III. Join to this so earnest and pressing a command, even the latter will of him to whom we owe that we are, and are redeemed. That is the burden he lays on us. This is all the recompence he seeks for his unparalleled love, "This is my command, that as I have loved you, ye love one another," John xiii.34. Your goodness cannot extend to me, therefore I assign all the beneficence and bounty ye owe to me, I give it over to these whom I have loved, and have not loved my life for them. Now, says he, whatsoever ye would count yourself obliged to do to me, if I were on the earth among you, do it to these poor ones whom I have left behind me, and this is all the testimony of gratitude I crave. Matth. xxv.34 to 40: "Then shall the King say unto them on his right hand, Come ye blessed of my Father, inherit the kingdom prepared for you from the foundation of the world. For I was an hungered, and ye gave me meat; I was thirsty and ye gave me drink; I was a stranger, and ye took me in; naked, and ye clothed me; I was sick, and ye visited me; I was in prison, and ye came unto me. Then shall the righteous answer him, saying, Lord, when saw we thee an hungered, and fed thee? or thirsty, and gave thee drink? When saw we thee a stranger, and took thee in? or naked, and clothed thee? Or when saw we thee sick, or in prison, and came unto thee? And the King shall answer, and say unto them, Verily I say unto you, Inasmuch as ye have done it unto one of the least of these my brethren, ye have done it unto me." "These ye have always with you, but me ye have not always." It is strange how earnestly, how solicitously, how pungently he presses this exhortation, John xiii.34, 35, "A new commandment I give unto you, that ye love one another as I have loved you, that ye love one another. By this shall all men know that ye are my disciples, if ye have love one to another," and xv.12 and l7, "This is my commandment, that ye love one another as I have loved you. These things I command you, that ye love one another," and his apostles after him, 1 Thess. iv.9, "But as touching brotherly love, ye need not that I write unto you, for ye yourselves are taught of God to love one another." Coloss. iii.14, "And above all these things, put on charity, which is the bond of perfectness." 1 Pet. iv.8, "And above all things have fervent charity among yourselves, for charity shall cover the multitude of sins." But above all, that beloved disciple, who being so intimate with Jesus Christ, -- we may lawfully conceive he was mured to that affectionate frame by his converse with Christ, -- has been most mindful of Christ's testamentary injunctions. He cannot speak three sentences but this is one of them. All which may convince us of this one thing, that there is a greater moment and weight of Christianity in charity than in the most part of these things for which Christians bite and devour one another. It is the fundamental law of the gospel, to which all positive precepts and ordinances should stoop. Unity in judgment is very needful for the well being of Christians. But Christ's last words persuade this, that unity in affection is more essential and fundamental. This is the badge he left to his disciples. If we cast away this upon every different apprehension of mind, we disown our Master, and disclaim his token and badge.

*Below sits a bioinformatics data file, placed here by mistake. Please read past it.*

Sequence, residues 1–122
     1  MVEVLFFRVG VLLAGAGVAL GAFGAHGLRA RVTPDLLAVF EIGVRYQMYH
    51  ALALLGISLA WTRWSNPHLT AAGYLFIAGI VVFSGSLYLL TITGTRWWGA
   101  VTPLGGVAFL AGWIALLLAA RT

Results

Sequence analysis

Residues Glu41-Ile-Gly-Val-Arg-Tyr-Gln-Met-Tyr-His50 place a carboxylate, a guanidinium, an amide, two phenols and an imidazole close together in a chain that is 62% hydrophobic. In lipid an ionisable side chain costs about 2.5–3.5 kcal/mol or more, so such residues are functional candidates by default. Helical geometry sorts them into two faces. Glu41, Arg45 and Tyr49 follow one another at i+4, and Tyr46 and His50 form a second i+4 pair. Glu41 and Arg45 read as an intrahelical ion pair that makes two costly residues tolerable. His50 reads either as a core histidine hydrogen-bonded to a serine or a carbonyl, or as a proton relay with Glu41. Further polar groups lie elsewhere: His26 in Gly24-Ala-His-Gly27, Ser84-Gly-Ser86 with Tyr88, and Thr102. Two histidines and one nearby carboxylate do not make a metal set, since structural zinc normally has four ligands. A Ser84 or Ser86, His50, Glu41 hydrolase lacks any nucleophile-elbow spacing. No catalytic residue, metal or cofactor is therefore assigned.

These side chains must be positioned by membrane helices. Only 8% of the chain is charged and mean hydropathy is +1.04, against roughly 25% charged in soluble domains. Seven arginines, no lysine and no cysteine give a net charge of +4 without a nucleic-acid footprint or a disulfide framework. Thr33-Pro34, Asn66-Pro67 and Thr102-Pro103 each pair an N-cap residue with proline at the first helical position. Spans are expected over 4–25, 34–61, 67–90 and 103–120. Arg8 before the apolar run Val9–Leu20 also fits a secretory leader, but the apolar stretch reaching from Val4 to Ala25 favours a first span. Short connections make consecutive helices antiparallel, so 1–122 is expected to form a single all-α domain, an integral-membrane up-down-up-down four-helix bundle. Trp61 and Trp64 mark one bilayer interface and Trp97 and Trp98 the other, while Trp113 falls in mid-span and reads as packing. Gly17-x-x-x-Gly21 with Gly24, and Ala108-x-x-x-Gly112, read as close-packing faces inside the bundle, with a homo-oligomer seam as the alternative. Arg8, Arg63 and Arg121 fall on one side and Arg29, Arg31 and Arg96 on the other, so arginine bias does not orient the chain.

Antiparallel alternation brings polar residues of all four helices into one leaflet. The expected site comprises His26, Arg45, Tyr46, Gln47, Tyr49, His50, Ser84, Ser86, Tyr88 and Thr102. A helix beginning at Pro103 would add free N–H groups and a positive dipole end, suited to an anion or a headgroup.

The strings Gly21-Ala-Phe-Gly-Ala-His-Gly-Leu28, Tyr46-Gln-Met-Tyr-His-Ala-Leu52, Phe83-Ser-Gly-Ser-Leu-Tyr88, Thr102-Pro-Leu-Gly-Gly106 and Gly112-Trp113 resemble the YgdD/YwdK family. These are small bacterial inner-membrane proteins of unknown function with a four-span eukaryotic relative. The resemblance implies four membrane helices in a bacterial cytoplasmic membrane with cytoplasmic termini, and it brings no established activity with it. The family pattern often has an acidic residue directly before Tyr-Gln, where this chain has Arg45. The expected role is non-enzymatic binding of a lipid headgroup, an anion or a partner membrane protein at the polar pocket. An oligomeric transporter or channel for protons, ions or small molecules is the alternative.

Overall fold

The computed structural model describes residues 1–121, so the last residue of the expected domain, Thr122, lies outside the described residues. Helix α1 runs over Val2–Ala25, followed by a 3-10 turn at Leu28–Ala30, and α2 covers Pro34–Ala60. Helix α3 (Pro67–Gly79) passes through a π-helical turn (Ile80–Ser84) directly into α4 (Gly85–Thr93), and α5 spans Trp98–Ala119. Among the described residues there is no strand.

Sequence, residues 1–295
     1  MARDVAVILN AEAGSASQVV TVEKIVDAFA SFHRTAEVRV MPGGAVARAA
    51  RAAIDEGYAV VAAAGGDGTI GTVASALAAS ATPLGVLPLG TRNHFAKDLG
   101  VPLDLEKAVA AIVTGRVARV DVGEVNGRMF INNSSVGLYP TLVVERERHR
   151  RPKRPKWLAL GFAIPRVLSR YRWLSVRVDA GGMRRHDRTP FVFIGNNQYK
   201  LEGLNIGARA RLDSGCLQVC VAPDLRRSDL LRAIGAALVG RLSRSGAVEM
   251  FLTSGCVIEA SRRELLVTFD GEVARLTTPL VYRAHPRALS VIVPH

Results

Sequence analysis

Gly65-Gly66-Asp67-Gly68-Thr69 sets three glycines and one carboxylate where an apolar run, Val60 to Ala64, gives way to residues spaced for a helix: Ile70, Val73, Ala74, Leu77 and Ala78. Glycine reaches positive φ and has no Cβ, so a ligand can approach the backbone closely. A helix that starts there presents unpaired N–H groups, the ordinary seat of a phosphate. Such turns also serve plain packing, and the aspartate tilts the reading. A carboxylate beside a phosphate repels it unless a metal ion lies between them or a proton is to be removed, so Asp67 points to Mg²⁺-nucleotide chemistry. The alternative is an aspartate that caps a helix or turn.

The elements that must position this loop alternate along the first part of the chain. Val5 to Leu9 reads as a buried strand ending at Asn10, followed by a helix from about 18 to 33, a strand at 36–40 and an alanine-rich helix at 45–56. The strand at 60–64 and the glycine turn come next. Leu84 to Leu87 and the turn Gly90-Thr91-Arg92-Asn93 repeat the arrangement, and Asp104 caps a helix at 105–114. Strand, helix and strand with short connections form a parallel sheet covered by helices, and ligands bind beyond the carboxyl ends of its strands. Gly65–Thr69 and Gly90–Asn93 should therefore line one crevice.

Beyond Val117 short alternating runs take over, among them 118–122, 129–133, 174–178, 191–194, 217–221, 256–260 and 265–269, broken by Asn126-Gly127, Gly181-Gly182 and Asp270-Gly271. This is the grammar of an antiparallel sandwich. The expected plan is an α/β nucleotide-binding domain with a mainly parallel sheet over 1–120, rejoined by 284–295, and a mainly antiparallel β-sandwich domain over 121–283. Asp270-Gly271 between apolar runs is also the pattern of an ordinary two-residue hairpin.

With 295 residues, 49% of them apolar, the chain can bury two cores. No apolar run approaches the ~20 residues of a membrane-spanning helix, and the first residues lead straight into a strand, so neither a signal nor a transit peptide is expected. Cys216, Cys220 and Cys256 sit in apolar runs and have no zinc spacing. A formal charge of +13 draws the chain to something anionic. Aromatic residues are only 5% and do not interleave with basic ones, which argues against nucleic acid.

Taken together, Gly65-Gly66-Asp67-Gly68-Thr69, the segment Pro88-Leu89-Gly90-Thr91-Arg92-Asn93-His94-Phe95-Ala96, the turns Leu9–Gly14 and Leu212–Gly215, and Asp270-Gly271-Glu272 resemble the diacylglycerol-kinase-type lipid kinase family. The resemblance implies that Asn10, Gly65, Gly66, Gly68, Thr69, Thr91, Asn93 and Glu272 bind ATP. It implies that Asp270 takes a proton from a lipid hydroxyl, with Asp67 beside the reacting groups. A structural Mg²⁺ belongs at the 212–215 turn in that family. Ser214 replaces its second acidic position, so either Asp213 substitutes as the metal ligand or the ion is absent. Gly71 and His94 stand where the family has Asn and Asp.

IV. The apostle Paul puts a high note of commendation upon charity, when he styles it the bond of perfection. "Above all things," says he, "put on charity, which is the bond of perfectness," Col. iii 14. I am sure it hath not such a high place in the minds and practice of Christians now, as it hath in the roll of the parts and members of the new man here set down. Here it is above all. With us it is below all, even below every apprehension of doubtful truths. An agreement in the conception of any poor petty controversial matter of the times, is made the badge of Christianity, and set in an eminent place above all which the apostle mentions, in the 12th verse, "bowels of mercies, kindness, gentleness, humbleness of mind, meekness, long suffering." Nay, charity itself is but a waiting handmaid to this mistress.